# What is the Least Common Multiple of $(a-b)$ and $(b-a)$?

What is the Least Common Multiple of $(a-b)$ and $(b-a)$?

The question is simple. What's the answer? I'm an Engineering student, but looks like I forgot my basics.

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I assume you mean over the Integers? To start, (a-b) = -(b-a)... – Seth Jul 19 '12 at 13:48

$|a-b|$ is the LCM of $(a-b), (b-a).$ Recall LCM is the smallest positive integer that is integer multiple of both $(a-b)$ and $(b-a).$ We have $$|a-b| = +1\times(a-b) \\ |a-b| = -1\times(b-a).$$ (Of course, the signs above assuming $a > b.$ Flip the signs if $b < a.$) So $|a-b|$ is an integer multiple of both $(a-b), (b-a).$ To prove it's the smallest, assume $\ell < |a-b|$ is the LCM. Then $$\ell = k(a-b) = -k(b-a)$$ for some integer $k.$ (again with the convenient choice $a > b.$) Comparing with the equations above, we can conclude that $k < 1$ and simultaneously $-k < -1 \implies k > 1.$ So $k = 0,$ and hence $\ell$ is not an LCM. Contradiction. There exists no non-zero common multiple $< |a-b|.$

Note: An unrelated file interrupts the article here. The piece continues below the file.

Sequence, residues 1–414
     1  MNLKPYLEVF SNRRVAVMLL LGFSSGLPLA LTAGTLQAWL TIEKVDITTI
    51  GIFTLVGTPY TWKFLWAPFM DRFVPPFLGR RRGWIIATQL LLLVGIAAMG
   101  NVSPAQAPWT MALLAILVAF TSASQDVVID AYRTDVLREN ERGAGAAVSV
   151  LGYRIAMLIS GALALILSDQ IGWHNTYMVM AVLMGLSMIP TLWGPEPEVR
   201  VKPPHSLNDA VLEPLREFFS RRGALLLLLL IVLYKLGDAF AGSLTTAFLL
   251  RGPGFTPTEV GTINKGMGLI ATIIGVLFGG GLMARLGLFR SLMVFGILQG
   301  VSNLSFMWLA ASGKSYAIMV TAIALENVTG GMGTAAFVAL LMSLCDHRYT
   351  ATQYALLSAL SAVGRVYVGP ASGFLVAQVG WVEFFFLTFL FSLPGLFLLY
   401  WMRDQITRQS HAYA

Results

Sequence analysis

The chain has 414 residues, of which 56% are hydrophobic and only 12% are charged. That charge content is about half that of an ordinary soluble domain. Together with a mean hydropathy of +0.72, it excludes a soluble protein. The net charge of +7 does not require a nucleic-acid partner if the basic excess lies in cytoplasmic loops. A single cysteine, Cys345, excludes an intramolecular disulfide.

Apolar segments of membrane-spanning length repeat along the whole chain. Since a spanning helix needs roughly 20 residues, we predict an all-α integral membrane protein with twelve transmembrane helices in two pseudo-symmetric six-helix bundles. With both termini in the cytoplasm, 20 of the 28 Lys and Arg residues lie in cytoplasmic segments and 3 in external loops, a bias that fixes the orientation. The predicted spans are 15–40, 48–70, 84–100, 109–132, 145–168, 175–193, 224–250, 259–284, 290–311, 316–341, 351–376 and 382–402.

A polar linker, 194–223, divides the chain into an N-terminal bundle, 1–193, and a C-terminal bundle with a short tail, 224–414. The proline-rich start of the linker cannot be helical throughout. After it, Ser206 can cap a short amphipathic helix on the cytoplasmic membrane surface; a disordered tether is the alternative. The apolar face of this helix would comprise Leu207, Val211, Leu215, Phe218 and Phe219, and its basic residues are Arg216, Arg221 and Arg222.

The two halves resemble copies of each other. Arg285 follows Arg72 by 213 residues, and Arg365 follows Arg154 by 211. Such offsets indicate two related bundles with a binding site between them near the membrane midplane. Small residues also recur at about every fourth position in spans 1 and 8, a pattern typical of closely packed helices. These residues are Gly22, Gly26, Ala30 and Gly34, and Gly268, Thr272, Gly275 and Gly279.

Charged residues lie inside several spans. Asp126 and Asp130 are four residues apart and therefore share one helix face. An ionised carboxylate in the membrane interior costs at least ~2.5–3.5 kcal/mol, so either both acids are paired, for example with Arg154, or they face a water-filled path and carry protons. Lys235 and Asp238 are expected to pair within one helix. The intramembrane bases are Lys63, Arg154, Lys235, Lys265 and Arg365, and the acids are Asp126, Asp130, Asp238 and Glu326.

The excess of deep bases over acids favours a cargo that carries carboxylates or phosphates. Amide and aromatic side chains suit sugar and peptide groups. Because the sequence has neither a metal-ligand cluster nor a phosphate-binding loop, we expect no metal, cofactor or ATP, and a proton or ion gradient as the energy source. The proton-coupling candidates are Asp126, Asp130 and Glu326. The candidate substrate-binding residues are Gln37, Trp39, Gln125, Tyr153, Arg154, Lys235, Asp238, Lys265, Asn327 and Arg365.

Assuming $a\geq b$, of course. – Thomas Andrews Jul 19 '12 at 13:51
A more immediate contradiction lies in the fact that $k$ is simultaneously less than and greater than $1$. – Cameron Buie Jul 19 '12 at 14:29
Hint $\$ Put $\rm\,k=-1\:$ in $\rm\ lcm(n,kn) = |kn|$